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Seniors Share What They Would Tell Their Younger Self

May 1, 2019

Senior residents at Farmington Hills Inn Assisted Living offer career and love advice for younger generations.

By Cassie Kunze
Photos courtesy of Farmington Hills Inn Assisted Living
Sponsored by Farmington Hills Inn Assisted Living

Seniors are repositories of wisdom, and rising generations can learn a thing or two from those who have been down the same road.

When asked “what would you tell your younger self,” residents of the Farmington Hills Inn Assisted Living, a locally owned and operated community for affordable senior residential care, were eager to share morsels of wisdom and heartwarming pieces of advice.

Clara S., 93

Civilian computer tech with the U.S. Army

“Continue to be kind to people, especially people who have different situations. A smile can mean a million words. Hold out your hand. Other people have their situations, some worse.  Be kind.”
Farmington Hills Inn

Clara S. current

Farmington Hills Inn

Clara S. at a younger age


Richard W., 84

Advertising executive at 3M

“Buy more stock! Invest wisely. Every month put something away. Use the New York Stock Exchange.”
Farmington Hills Inn

Richard W. current

Farmington Hills Inn

Richard W. at a younger age

Timothy T., 70

Spray painter and inspector at Ford Motor Company

“Don’t be so afraid. I was afraid of the world. I didn’t want relationships. I wish I would have told myself to not be that way.”
Farmington Hills Inn

Timothy T. current

Farmington Hills Inn

Timothy T. at a younger age

Paul L., 73

Art teacher at Cass Technical High School

“Wait to get married! I was 35 when I married my wife, and we had a splendid life!”
Farmington Hills Inn

Paul L. current

Farmington Hills Inn

Paul L. and his wife at a younger age

Jane G., 84

Financial analyst

“Don’t give up hope, and don’t be ashamed to ask for help. Don’t try to do everything yourself. Be persistent. Think about what you want to do with your life and do what it takes to get there. When you can do something for someone else, it’s good for your soul.”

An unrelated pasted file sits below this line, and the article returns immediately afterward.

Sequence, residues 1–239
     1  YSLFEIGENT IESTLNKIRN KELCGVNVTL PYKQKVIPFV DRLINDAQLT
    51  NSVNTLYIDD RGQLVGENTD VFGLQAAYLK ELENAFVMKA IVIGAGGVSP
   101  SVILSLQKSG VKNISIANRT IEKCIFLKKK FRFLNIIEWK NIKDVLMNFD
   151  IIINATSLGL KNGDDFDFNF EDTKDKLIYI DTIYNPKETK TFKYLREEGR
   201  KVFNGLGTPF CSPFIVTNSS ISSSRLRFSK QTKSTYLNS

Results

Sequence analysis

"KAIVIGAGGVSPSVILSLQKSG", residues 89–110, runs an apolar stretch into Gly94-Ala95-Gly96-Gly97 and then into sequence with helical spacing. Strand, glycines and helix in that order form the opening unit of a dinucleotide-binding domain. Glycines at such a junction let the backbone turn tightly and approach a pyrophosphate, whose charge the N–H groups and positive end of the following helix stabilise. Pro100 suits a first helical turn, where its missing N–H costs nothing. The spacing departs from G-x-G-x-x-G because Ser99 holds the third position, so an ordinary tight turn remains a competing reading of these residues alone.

Farmington Hills Inn

Jane G. current


Choosing an Assisted Living Community

Whether for yourself or a loved one, choosing an assisted living community is a personal decision with several factors to carefully consider. Assisted living communities bridge the gap between independent living and skilled nursing facilities or nursing homes.

Licensed by the state of Michigan as a Home for the Aged, Farmington Hills Inn understands how important it is for families to make the right choice to assure the comfort, security and well-being of someone they love. “We have helped hundreds of families do exactly that throughout our 35 years of providing superior assisted living,” says Terri Farrugia, admission director at Farmington Hills Inn.

Aside from traditional assisted living, Farmington Hills Inn offers a “Reflections Unit” that provides specialized service in a secured environment for individuals with Alzheimer’s, dementia or other memory loss disorders.

Farmington Hills Inn shares five key things to keep in mind when making the transition from independent to assisted living.

  1. Engaging your loved one and being his or her partner in the decision to move will make the choice easier.
  2. Consider what belongings your loved one will take with them. Make the most important ones work in the new setting.
  3. Make sure your loved one has his or her legal affairs in order before moving into the assisted living community.
  4. Family communication is key! Arrange conference calls or have face-to-face meetings with everyone involved.
  5. Choose a community that willingly works with you to ensure your loved one is comfortable and that his or her needs are met.

Farmington Hills Inn Assisted Living

30350 W. 12 Mile Road, Farmington Hills


Farmington Hills Inn Assisted Living accepts long-term care insurance; veteran benefits may apply. 


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